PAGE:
Or more to the point, why would anyone vote for an underdog in a state that is certain to be lopsided? There was never any doubt which way Illinois, California or Alaska would go. So, why bother?
If nobody voted, the result wouldn’t be guaranteed.
If you show up to vote for down-ballot races, it really isn’t a lot of extra work to fill in the presidential oval.
Margin matters. Politicians behave differently after a 51-49 win then after a 62-38 win. It affects governing strategy, and strategy in the next election. If you want the underdog party to put serious time and effort into your state next time, the only way to get there is to make this election as close as possible.
(1) Because you believe that voting is a good thing.
(2) Because you want to vote in other elections.
(3) Because you want to be able to say, “I voted for X.”
Because tf enough people didn’t bother, then the state would no longer be lopsided. Sometimes people vote their conscience, regardless of who the victor is going to be.
In baseball, why do people continue to cheer for the home team when they’re up 9-0? There’s never any doubt which way the game is going to go.
Because they’re drunk?
Well, in California in particular, you have some cognitive dissonance on display where Obama won nearly 2 to 1, but Prop 8 which bans gay marriage won, by a not-so razor thin margin.
Because my datum goes into the giant pool with others’ data and demonstrates the complexity of voter responses.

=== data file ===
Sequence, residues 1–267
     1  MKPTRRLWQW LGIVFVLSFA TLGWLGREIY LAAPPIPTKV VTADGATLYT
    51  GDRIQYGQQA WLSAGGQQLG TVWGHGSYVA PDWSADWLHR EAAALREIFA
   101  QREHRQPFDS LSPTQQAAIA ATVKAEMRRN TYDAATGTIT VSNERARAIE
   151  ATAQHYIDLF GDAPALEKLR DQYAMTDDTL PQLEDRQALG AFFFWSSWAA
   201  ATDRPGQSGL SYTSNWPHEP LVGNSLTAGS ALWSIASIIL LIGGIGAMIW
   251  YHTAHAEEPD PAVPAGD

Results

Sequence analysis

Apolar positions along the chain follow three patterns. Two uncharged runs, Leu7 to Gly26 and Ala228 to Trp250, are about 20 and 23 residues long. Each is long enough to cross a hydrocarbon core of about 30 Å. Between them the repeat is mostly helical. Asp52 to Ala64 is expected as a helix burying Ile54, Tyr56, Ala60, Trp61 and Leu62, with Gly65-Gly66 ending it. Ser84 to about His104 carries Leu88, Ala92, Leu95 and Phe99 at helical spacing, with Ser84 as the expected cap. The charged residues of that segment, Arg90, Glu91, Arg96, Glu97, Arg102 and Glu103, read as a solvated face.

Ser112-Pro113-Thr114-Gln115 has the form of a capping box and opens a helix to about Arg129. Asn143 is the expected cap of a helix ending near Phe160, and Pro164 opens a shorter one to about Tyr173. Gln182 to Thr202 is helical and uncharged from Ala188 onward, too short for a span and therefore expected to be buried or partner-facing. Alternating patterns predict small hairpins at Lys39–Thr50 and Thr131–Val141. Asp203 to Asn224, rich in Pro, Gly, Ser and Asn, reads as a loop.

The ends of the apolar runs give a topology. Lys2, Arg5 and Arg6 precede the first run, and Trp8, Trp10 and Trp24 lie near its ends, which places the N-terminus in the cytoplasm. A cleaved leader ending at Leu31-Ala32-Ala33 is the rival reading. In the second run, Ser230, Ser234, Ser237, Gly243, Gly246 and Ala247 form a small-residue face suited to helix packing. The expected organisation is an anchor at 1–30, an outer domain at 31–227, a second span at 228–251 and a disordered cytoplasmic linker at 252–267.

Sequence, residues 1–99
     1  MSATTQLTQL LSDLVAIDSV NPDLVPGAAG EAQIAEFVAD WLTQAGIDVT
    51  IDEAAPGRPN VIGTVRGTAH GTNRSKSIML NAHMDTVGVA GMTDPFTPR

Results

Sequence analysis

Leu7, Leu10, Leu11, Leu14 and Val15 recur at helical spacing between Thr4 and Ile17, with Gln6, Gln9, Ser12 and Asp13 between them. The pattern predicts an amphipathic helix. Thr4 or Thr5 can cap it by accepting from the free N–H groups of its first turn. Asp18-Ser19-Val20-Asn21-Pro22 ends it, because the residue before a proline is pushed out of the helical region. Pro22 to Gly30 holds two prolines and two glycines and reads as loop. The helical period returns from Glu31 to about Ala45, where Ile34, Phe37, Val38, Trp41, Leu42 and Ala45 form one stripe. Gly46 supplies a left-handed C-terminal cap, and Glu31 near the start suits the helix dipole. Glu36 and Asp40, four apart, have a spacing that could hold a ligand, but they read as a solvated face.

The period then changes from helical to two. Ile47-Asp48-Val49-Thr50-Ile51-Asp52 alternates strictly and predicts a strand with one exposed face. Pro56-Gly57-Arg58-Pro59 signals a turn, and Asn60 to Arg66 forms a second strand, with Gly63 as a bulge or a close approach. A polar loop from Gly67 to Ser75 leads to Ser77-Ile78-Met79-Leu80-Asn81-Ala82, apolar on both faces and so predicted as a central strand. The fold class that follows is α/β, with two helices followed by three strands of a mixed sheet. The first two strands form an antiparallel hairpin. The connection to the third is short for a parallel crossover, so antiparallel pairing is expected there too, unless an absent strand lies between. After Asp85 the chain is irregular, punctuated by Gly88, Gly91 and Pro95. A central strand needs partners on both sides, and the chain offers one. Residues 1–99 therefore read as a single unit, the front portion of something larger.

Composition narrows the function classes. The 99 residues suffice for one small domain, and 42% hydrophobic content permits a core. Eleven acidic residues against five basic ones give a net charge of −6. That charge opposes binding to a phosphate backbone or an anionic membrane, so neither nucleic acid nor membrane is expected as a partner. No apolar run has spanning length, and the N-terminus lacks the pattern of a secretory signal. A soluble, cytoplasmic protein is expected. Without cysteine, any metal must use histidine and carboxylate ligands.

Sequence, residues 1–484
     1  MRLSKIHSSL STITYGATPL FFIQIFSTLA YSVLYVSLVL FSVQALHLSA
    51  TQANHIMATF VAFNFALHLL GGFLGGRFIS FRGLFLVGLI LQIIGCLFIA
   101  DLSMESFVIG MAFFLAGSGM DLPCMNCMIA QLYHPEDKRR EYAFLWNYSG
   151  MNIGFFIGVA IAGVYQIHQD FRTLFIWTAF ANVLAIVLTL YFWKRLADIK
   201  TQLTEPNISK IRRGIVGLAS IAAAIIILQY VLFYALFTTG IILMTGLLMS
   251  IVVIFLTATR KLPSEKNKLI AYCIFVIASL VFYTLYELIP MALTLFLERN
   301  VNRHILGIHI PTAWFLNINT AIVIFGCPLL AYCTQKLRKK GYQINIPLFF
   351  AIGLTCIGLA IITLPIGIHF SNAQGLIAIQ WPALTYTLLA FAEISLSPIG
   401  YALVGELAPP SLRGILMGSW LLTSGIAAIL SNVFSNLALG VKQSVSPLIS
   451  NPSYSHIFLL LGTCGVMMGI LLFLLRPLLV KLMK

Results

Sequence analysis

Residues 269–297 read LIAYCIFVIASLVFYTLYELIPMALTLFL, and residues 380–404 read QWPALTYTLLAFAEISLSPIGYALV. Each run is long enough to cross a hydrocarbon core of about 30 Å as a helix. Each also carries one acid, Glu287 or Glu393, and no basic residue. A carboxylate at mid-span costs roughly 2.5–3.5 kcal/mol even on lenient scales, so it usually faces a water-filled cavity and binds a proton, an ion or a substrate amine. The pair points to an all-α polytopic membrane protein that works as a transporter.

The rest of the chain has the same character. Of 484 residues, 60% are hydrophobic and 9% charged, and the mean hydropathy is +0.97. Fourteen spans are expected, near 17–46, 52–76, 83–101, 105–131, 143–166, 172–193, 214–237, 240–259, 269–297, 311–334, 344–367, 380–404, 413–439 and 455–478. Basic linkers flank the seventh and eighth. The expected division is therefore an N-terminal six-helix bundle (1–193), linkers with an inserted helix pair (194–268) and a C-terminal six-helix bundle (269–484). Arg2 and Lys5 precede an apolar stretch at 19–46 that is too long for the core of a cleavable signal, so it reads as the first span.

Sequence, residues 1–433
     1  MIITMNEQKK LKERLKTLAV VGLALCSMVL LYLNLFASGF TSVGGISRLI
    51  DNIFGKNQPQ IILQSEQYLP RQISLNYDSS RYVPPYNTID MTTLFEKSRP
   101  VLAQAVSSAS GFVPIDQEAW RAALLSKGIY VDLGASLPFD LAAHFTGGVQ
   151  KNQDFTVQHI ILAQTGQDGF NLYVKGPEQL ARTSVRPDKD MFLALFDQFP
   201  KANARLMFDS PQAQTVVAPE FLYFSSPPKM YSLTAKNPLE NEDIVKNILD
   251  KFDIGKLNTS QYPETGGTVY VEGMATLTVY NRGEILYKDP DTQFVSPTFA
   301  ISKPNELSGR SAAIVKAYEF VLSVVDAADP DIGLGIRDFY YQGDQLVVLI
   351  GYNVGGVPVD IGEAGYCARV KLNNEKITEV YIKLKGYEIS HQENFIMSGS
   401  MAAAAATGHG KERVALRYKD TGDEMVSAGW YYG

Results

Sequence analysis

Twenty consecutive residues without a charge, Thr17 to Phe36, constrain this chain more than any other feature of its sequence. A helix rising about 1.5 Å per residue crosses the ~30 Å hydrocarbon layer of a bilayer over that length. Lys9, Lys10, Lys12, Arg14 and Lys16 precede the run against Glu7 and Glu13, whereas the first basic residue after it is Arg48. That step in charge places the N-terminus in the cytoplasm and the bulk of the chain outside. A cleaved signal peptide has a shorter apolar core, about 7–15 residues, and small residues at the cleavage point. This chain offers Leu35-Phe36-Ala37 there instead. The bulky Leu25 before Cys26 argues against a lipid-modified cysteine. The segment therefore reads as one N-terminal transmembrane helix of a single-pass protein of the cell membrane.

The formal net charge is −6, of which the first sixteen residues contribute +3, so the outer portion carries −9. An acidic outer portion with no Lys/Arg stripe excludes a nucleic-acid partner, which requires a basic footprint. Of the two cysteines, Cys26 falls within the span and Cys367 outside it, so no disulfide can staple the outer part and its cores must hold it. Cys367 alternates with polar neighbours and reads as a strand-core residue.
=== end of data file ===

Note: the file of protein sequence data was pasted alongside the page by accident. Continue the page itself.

By the way, there were several assured races in my state that are still too close to call. One is only a few hundred votes apart.
Because places like Indiana are never going to vote for a Democrat… and look what happened.
Because the incumbent winning by more makes the out of power party stay away even more.
I don’t think all the votes on 8 are in yet, so it may well be a razor-thin margin.
Because there are local elections also.
What a great list of responses! If this election didn’t do anything else - and it did - it reenergized the notion that in a democracy, particularly a big, complex and messy one like ourse, even the smallest shmoe can feel like he’s someone, by going to the polls and casting a vote.
Well, I live in Illinois, and I voted for President. Voted for no less an underdog than Bob Barr. If for nothing else, that vote was to help the Libertarian Party vis-a-vis ballot access. In that regard, a third party vote in an assured state could be considered even more powerful than a vote for either of the two major party candidates.
I voted in Illinois because I’m an American, and I can.
I wanted the “I voted” sticker.
and it’s your civic duty, and people voting is what makes it a guaranteed state.
Because if you didn’t vote then I won’t listen to any of your bitching about the results.
(And I voted, so you have to listen to mine. )
The franchise is like everything else - if you don’t exercise it, it will wither away. People fought and died so you could vote.
I voted because Illinois had a Constitutional Convention to consider, and I felt strongly about that. I also voted, as **Giles **says, so that I can honestly tell my grandchildren I voted for President Obama (I get little goosebumps just typing that!) and to vote Green Party for every other little thing they were running for, in hopes of increasing their presence in future elections. That was my compromise between voting outside the two-party system and still supporting Obama. I recognize it was largely symbolic, but it made me feel better.
When I was in high school, I helped in a city council race. My candidate lost by ONE vote. Even in the recount, he lost by ONE vote.
Every Vote Counts.
In addition to all the good reasons I suspect that some people just don’t think it through. Our voting system has different quirks, but based on comments from some people it seems that their understanding of the voting system and the implications of their own choice is surprisingly vague. I’m not talking about people who are too stupid or uneducated to understand it. They are just not interested in figuring out how it works under the hood.